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My Favorite Succulent Tools!

Whether you’re planting succulents, propagating them, or caring for your succulent garden, you may be wondering what type of garden tools are best to work with. What succulent tools do you really need, are they worth it, and how do you use them, anyway? First — let me be clear. You really don’t need any of the tools I’m going to discuss. Beyond fast-draining succulent soil and a place to plant, everything else is negotiable — except the succulents! That being said, there are several tools I wouldn’t be without. You can skip straight to my recommended succulent garden tools on Amazon, or read on to learn all about those tools and how I use them!

Awesome Succulent Garden Tools & How to Use Them

{Please note, some links in this post may be affiliate links to sites that pay me a small commission if you click on the link and make a purchase. This commission is at absolutely no cost to you. I only recommend products and companies that I have worked with and truly love! ~Kat}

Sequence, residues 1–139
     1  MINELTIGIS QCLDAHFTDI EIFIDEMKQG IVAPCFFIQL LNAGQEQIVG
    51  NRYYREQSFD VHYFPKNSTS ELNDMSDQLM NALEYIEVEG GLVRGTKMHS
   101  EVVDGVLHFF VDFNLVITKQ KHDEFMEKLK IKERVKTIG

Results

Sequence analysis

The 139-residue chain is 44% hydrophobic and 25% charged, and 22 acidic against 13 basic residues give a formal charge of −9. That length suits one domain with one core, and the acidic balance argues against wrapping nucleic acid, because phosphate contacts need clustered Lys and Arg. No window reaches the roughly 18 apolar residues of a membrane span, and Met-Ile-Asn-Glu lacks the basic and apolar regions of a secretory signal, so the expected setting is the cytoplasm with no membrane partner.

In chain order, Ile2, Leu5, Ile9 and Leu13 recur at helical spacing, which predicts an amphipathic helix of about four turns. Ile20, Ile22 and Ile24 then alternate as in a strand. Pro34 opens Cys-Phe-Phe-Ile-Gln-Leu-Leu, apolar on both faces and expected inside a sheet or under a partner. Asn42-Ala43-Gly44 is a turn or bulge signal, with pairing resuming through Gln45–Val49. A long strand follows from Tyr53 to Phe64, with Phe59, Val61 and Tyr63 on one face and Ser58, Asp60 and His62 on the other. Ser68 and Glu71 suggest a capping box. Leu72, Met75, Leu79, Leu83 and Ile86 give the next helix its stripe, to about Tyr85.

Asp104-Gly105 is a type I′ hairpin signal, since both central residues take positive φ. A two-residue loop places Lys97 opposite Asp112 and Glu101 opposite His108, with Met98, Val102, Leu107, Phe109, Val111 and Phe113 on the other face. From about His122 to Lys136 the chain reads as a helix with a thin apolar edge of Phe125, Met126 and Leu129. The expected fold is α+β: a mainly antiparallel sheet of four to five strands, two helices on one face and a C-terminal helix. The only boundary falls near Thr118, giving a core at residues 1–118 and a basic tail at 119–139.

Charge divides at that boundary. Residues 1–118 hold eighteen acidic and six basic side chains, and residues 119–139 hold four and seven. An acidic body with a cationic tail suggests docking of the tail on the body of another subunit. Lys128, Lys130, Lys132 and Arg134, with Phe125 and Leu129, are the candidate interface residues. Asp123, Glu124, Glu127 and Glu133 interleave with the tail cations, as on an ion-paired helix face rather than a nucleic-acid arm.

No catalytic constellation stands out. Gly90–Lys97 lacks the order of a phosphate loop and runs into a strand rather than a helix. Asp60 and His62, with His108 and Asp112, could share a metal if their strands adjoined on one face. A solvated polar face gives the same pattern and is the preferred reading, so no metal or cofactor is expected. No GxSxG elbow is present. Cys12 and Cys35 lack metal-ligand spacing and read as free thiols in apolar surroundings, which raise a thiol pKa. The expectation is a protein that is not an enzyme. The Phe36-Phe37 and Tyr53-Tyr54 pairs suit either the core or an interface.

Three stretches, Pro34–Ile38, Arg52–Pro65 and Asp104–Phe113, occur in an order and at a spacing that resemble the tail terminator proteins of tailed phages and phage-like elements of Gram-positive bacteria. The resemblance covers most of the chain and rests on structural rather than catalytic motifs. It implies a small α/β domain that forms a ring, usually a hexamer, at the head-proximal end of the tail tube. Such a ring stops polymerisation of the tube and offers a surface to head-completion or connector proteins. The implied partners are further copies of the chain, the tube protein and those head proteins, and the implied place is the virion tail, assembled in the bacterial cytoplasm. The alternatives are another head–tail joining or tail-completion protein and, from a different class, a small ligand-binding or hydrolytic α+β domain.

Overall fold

Succulent Garden Tools

The true essentials for planting succulents are fast-draining succulent soil and a container (unless you plant climate-hardy succulents in the ground). That’s it! All else is optional — except for succulents! Because, of course, you can scoop and dig soil with your hands, you can swipe scissors or a sharp knife from the house, you can water from an empty soda can…

However, there are a number of excellent tools available that make succulent gardening so much easier, more enjoyable, and more efficient. I use some of these tools all the time. Others, not so much. I’ll list them here and review those I use most:

My Favorite Succulent Tool Kit

succulent tools kit complete display TSE

I just love this succulent tool kit! While I don’t use every tool in it, those I do use are absolutely must-haves. And above all, I love the sturdy canvas bag that holds all of the included tools and more. The pockets continue along the back of the bag with a wide pocket on each side. The central space is roomy and holds the water bottle, scoop, the rest of my tools, some top dressing, and room for more. Before I got this kit, I stashed my tools in a makeup case, but this is better. It holds more and is easier to organize. For far less than $20, I consider this a great deal.